“So,” Ambrose drew a deep breath, “I am all too well aware of what your family must have felt during all those years. Even firm evidence of death is far, far better than having to live through even one more night of uncertainty.”

“Almost as soon I arrived here to be the Superior at St Michael’s, some five or six years ago, I became increasingly aware of the sheer numbers of people who are still deeply troubled by what happened during the war years, even though it was so long ago. And just like the continuing suffering of the families whose loved ones never returned – like yours and mine, Emma – the pain continues and can be just as deep for so many of those who survived, though all too often their troubles lie unseen where they can so easily fester.

“Well, as no one had done this here before, I decided to set up counselling sessions for those in need of psychological support, and the response was astounding. Over the years, literally hundreds of people have gone through the basic group talking sessions I started running, sharing with each other, under my guidance, their fears and talking about what was troubling them. As they talked it became clear so many of them were still deeply distressed by the traumas they had suffered.”

“There are so many whom society has forgotten and let fall between the cracks. In recent years, as jobs have become scarcer, wages eroded by inflation and the cancer of corruption spread rapidly across the country, I have become weary of politics. I have grown increasingly angry at the growing affluence of our politicians and the continuing grinding poverty of the mass of the people. People’s lives need to improve now; they need a better future not next year, not when they next vote, but today”.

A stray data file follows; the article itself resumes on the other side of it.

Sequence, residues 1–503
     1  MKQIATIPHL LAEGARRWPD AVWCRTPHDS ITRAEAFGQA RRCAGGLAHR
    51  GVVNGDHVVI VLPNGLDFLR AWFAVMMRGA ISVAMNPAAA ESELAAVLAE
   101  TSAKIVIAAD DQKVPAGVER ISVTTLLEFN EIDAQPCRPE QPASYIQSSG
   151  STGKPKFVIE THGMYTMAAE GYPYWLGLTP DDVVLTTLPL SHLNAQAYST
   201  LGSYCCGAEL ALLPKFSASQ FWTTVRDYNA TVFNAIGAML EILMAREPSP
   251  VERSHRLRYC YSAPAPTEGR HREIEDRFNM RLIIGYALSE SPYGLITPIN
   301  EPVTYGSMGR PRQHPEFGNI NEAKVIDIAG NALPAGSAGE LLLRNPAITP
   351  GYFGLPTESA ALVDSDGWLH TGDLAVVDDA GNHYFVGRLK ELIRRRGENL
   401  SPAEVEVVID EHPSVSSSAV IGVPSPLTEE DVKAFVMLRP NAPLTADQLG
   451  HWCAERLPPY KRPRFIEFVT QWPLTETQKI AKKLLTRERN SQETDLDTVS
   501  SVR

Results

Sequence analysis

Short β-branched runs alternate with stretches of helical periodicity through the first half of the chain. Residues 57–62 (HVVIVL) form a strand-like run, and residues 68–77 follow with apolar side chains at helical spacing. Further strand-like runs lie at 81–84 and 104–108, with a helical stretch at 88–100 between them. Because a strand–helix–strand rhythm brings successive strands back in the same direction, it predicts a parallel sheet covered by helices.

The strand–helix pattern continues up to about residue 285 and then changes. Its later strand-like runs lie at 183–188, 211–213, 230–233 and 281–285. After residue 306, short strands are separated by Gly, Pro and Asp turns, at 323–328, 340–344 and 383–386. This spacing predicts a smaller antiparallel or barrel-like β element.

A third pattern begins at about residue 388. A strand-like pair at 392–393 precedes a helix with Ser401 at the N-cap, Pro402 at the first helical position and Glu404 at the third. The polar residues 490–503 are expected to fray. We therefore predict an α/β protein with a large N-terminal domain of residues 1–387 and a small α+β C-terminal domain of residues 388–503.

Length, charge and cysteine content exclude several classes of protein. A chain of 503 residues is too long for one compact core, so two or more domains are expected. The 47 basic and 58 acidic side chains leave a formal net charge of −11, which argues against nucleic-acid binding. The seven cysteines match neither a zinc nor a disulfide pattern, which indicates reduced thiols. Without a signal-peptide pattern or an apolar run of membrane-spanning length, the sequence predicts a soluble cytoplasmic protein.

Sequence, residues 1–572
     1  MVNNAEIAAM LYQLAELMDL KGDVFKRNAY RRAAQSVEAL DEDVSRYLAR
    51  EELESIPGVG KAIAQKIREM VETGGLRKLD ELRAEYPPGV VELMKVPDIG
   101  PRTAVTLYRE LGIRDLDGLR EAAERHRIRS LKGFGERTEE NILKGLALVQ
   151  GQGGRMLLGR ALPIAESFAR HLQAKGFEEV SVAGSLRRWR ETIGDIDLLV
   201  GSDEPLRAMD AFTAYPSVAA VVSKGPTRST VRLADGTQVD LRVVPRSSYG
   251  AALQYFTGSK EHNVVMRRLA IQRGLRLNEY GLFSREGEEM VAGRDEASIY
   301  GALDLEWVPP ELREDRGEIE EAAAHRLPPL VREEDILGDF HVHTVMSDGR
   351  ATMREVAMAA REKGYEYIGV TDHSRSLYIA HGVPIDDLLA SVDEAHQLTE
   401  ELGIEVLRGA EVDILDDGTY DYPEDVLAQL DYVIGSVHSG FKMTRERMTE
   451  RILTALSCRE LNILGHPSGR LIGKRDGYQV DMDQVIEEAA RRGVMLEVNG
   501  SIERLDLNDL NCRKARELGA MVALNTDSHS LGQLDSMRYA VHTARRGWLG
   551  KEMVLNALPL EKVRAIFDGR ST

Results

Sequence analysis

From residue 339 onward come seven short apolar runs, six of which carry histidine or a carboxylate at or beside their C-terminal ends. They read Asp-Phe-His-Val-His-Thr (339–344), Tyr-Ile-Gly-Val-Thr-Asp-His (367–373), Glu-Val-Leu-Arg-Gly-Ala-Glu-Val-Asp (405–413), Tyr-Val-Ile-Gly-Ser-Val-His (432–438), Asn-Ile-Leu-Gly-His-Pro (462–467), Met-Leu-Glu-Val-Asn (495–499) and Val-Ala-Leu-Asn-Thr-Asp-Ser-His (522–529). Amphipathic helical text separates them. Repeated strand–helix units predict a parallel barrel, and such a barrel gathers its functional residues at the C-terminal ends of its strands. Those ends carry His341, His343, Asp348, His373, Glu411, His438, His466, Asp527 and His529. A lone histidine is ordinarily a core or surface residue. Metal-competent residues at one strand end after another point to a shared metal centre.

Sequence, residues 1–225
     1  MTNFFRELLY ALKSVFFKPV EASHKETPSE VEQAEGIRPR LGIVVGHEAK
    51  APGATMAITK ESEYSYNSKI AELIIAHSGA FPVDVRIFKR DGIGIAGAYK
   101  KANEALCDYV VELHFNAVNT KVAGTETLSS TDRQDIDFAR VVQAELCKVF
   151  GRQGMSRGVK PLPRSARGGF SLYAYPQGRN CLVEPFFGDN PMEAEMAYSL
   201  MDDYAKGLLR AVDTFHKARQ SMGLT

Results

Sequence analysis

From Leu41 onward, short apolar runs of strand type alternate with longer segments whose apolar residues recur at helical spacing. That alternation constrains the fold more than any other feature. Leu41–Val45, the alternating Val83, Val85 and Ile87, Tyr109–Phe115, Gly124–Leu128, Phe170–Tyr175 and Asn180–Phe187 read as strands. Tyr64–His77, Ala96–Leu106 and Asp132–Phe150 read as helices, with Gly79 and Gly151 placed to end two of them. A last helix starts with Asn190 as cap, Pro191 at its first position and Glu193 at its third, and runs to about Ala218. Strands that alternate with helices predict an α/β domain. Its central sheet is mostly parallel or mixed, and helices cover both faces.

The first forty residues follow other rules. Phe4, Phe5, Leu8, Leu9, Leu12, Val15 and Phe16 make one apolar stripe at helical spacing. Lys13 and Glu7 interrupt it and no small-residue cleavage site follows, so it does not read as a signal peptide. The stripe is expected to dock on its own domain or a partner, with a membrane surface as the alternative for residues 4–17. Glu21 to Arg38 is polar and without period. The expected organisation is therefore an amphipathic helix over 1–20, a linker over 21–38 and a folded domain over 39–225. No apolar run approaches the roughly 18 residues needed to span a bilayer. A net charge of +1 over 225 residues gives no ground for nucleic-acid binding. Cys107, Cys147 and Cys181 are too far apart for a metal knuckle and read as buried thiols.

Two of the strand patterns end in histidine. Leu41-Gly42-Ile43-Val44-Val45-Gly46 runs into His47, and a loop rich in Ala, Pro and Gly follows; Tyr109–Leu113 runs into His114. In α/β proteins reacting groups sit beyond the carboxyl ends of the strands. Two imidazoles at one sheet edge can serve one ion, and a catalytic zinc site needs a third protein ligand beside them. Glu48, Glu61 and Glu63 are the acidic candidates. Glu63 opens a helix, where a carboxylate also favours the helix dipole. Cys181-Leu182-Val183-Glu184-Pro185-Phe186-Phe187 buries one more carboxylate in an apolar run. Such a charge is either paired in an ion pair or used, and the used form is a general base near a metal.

Ambrose looked across the table to Emma. As their eyes met she realised she had been wrong a moment ago. What he was saying was relevant to what they had come for. Emma was beginning to grasp the importance of the emotional pressures which guerrilla warfare forced not only upon the fighters but the civilian population, those caught in the middle. If she was to succeed in drawing out from the people she was hoping to talk to the truth of what they knew about the circumstances surrounding Joshua’s probable death, she realised she would have to do more than simply ask them to tell her what they knew. She would need, above all, to treat them with the respect they deserved.

Extract taken from Chapter 9 “Mhondoro” of Tapestries of Difference by Roger Riddell. Text Copyright ©2018: Powerhouse Publications.  Used with permission of the author and the Copyright holder. Tapestries of Difference is available in paperback form from Blackwell’s and Amazon, and in kindle form from Amazon.

This is the fifth in a series of extracts from Tapestries of Difference, a novel by Roger Riddell. In an exclusive agreement with the author and Powerhouse Publications, The Zimbabwean will be publishing a series of extracts from the book over the next several weeks.  Tapestries of Differences is available in both paperback and kindle form from Amazon UK and Amazon.com. It can also be ordered direct from Blackwell’s bookshop Oxford, UK.